EDIT: Looks like some of those chain tugs have non-rotation features. That's good. Also, you don't really need one on the non-drive side unless you really want it.
Attached Images
File Type: jpg
nonturnwasherdamage.jpg (96.5 KB, 58 views)
File Type: jpg
brokenaxletab.jpg (200.7 KB, 56 views)

Last edited by sweeks; 02-02-18 at 01:18 PM.
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Old 02-02-18, 06:12 PM
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We sell these bikes (awesome bikes BTW. My favorite Tern model and configuration) and haven't had any problems with the chain loosing tension just pulling the wheel back and tightening down the nuts. I don't think anything else is necessary.
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Old 02-02-18, 09:02 PM
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Originally Posted by odiolalluvia View Post
We sell these bikes (awesome bikes BTW. My favorite Tern model and configuration) and haven't had any problems with the chain loosing tension just pulling the wheel back and tightening down the nuts. I don't think anything else is necessary.
This has been my experience as well with a Verge S11i over about 4 years and 5,000+ miles.
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Old 02-06-18, 04:03 PM
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Originally Posted by sweeks View Post
This has been my experience as well with a Verge S11i over about 4 years and 5,000+ miles.
Steve
Thank you all for the time spent to answer my question. So shall I understand that nobody actually attempted to have tugnut on a Tern D7i? This seems to be the answer. About the needed/not needed, “it works fine on my folding bike”. I will tell you a story:

Ones upon time was a biker that really loved bikes. Not a bike mechanic but still reasonable, mechanically aware biker tinker. To pick up kids from school he needs 25 minutes. He left most of the time 30 minutes in advance ... just in case. Ones that “in case” arrived when he got a flat tire on his brand new, on maiden voyage Tern Link D7I bike. No problem: he uses one of the 2 co2 canister to inflate the tyre. Unfortunately it will not hold, so changing the tire is required. No problem either. With an IGH is not easy but the tyre is changed and inflated with the second Co2 cartridge in 3 minutes flat (being a owner of another bike with IGH obviously helps). Hurray! Good for him! But wait a minute... the inflated wheel will not pass the brake pads! (that’s on him as this is the first bike with v-brakes, so he should have check this first). So he deflates the wheel, passes the brake pads, attaches the non turning washers and nuts . Now it comes the tedious task to centre the wheel in the fork, while pulling it back to tension the chain and tide the nuts with a bicycle mini wrench. That takes him about 15 minutes. Deflated tire need to be inflated as well this time with the mini pump. The alignment is not perfect (with the bike upside down, in the twilight and rain is a real black art) and the nuts are not hyper tight either. He is quite late to pick up the kids so ... high gear and up in the saddle for up-hill. Poor guy... poor mechanics never forgive: the wheel slips forward and the 4th gear of the IGH gets damaged. No time to readjust the wheel so ... he locks the bike starts running. He got there 15 minutes later that it should have been and, of course, a lot of angry looks from the school personnel which were about to call the police (standard procedure when parents do not show up).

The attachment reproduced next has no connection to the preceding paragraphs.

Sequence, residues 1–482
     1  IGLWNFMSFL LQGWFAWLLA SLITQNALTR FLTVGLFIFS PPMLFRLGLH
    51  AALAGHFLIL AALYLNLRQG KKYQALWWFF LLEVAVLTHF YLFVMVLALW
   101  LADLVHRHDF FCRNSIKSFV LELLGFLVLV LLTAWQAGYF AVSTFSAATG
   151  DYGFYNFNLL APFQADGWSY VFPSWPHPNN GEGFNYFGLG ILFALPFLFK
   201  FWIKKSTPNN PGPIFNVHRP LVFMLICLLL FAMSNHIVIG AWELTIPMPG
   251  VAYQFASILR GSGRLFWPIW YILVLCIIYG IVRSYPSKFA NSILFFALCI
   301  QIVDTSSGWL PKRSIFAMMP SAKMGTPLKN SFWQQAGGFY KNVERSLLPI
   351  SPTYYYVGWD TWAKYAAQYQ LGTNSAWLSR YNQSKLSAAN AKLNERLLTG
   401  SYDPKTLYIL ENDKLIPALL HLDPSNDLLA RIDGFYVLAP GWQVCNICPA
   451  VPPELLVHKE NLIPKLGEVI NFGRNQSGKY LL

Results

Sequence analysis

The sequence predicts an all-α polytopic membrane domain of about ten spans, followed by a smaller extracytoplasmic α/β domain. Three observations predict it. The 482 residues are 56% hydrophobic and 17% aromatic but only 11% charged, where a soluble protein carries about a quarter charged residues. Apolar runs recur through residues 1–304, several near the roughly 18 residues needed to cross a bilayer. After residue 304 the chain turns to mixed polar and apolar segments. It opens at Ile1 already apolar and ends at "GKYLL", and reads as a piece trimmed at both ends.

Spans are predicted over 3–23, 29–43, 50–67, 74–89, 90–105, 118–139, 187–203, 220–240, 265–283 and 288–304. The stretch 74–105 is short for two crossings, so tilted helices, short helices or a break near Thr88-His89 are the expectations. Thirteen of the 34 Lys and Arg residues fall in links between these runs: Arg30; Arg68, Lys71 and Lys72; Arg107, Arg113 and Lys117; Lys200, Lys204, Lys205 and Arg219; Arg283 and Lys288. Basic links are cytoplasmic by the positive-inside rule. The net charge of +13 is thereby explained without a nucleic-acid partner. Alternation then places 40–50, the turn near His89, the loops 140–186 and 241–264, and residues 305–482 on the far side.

Lessons learned: 1) inflate the wheel after passing the brake pads and 2) get the tugnuts (aka chain tensioner).

I found it a lot easier adjusting the wheel for both chain tension and position one small step at the time. The only thing I find amazing is that on the D7i the front wheel has some kind of markings where to put the washers so the wheel will fall always in the correct position. Why the back wheel has no such thing (e.g. tugnuts :-)) is beyond me.
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Old 02-06-18, 04:16 PM
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Originally Posted by JohanNeeda View Post
Lessons learned: 1) inflate the wheel after passing the brake pads and 2) get the tugnuts (aka chain tensioner).

Why the back wheel has no such thing (e.g. tugnuts :-)) is beyond me.
1) Depending on the tire's width, releasing the brake noodle usually provides enough clearance. I hear you, though. I've occasionally had to partially deflate a tire to get past even a released brake... that's why I carry a pump.

2) I've got 3 folders (2 Dahons and a Tern) with IGH, and after a combined ~20,000 miles have never had a problem with wheel slippage. However, different riders will have different requirements... "Different strokes for different folks".
There's no shame in adding a tugnut, but I think they *would* be standard equipment if this were a common problem.
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Old 02-07-18, 02:59 AM
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Hello,
thank jou Johan this tugnut thing seems worth a look... I haven't tried dismounting the rear wheel fro my C7i yet.
I just came to think it would be a good idea trying the procedure in a warm and well lit room for the first time :-)
Johan, maybe e telephone call to those keeping the kids was an option? My doughters are 18 and 20 now, but I understand your feelings, I have gone through similar situations in the past. Comunicating is very very easy these days. Bye, Marco